(Adds detail on stainless steel sinks)
WASHINGTON, March 21 U.S. steel companies on
Thursday urged Congress and the White House to take action
against what they said was a flood of unfairly traded steel from
China, partly by reforming U.S. trade laws to make it easier to
win import protection.
"The government of China's continued subsidization of its
steel industry and manipulation of its currency continues to
threaten our future," Edward Kurasz, an executive vice president
at Allied Tube & Conduit, told a congressional panel.
The plea came shortly before the U.S. International Trade
Commission approved steep punitive duties on stainless steel
sinks from China that the Commerce Department had found were
unfairly priced and subsidized.
The decision was a victory for Elkay Manufacturing. The
Illinois company has struggled in the face of rising imports
from China, which totaled nearly $118 million in 2011.
Kurasz urged Congress to pass legislation directing the
Commerce Department to treat undervalued currencies as a subsidy
under trade law. That would open the door for more cases seeking
countervailing duties on Chinese imports.
He also called for Congress to reform the U.S. International
Trade Commission, which last year rejected industry requests for
anti-dumping and countervailing duties on galvanized steel wire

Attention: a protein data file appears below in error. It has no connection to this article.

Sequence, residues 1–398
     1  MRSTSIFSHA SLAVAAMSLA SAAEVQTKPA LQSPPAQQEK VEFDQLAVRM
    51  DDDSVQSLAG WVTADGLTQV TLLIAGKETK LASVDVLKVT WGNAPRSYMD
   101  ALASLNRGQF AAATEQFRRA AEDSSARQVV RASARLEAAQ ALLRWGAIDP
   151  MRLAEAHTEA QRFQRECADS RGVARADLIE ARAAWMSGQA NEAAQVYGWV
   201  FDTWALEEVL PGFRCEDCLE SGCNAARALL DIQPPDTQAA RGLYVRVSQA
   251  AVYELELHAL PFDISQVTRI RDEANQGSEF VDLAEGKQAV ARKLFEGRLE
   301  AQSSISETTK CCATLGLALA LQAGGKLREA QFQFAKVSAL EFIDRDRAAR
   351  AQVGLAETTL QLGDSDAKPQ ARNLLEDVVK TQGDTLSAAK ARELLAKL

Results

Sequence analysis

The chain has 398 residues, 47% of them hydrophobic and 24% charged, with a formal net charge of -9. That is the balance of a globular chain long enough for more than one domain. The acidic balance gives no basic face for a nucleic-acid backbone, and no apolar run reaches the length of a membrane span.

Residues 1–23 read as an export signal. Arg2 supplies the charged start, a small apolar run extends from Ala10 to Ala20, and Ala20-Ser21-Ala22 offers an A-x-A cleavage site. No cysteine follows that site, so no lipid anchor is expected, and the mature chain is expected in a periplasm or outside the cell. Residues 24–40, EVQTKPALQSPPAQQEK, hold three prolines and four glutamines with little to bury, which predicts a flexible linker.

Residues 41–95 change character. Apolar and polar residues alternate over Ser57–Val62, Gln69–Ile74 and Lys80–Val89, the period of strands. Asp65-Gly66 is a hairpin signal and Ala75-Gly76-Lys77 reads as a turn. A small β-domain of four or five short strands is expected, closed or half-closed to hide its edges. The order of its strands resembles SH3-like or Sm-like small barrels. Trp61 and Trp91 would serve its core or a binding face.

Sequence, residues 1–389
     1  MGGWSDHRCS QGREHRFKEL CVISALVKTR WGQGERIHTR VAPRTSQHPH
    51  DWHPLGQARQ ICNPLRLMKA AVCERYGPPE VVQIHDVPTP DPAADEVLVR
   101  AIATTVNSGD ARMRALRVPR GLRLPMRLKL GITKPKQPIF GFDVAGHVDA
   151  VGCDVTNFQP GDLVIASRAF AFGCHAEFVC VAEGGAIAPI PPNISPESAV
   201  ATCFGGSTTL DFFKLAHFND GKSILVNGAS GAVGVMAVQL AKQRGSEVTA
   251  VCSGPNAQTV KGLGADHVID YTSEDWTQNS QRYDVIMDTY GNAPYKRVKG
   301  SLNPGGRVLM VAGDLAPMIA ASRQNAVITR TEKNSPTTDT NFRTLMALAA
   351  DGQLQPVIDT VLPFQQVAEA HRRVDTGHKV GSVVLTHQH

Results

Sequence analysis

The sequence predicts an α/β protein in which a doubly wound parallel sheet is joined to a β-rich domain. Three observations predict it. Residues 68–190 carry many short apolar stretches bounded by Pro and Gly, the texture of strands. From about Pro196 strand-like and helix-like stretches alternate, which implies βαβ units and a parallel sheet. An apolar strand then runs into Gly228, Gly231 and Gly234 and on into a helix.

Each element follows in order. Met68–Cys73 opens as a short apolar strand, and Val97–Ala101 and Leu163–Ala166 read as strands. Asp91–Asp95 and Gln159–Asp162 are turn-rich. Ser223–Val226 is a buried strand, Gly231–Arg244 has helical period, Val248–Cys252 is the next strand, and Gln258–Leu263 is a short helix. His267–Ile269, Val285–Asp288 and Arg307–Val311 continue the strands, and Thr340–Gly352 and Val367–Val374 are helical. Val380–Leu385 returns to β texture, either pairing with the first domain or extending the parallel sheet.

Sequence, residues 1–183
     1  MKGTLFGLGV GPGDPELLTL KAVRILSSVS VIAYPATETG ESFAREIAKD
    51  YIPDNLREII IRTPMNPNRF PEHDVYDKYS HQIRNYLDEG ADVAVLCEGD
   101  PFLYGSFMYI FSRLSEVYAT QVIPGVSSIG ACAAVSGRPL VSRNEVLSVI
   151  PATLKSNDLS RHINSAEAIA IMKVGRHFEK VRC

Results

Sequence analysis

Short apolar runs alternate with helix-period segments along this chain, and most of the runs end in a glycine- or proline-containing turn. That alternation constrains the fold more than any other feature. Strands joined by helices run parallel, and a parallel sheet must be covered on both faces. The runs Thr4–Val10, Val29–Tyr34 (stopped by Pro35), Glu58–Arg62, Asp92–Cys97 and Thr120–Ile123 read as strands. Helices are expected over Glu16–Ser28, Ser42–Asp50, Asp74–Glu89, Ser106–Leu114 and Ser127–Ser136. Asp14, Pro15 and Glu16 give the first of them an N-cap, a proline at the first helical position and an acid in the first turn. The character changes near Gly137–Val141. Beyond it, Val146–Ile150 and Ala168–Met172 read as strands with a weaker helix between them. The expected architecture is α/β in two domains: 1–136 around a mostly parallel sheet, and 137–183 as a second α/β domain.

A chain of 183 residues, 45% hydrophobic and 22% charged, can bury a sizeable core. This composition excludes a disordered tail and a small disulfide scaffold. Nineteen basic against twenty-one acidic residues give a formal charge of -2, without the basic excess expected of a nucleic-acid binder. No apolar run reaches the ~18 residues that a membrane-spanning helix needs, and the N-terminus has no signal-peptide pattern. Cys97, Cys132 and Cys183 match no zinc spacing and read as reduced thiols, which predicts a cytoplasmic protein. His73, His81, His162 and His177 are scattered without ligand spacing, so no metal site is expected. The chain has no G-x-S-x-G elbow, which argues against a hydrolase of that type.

and circular weld pipe from a variety of countries.
"We are very concerned that the commissioners are not
adhering to the laws as written by Congress," Kurasz said.
The Commerce Department found illegal pricing or subsidies
in both cases, but the ITC blocked duties "because domestic
industries were showing modest improvement due to increases in
demand after the depth of the recession," he said.
Kurasz also urged the U.S. Trade Representative's office to
work with other governments to bring a World Trade Organization
case against China for subsidizing its domestic steel companies
in ways that violate global trade rules.
John Ferriola, president of Nucor Corp, told the panel that
China has 35 percent more steel-making capacity than it needs to
meet domestic demand. Much of China's extra production is
exported to the United States as part of a "surge" that also
includes steel from Turkey, South Korea and others, he said.
"Last year, steel imports increased 17 percent from 2011 and
a whopping 38 percent from 2010 ... Steel imports were up in
every major product area and from most major steel producing
countries," Ferriola said.
The steel company chief also said India, Egypt, and Brazil
have all recently taken actions to restrict steel imports,
putting further pressure on the U.S. market.
But "China is by far the worst offender. Its highly
subsidized steel industry is government owned and controlled,
and its market remains heavily distorted and closed to outside
competition," Ferriola said.
(Reporting by Doug Palmer; editing by Christopher Wilson)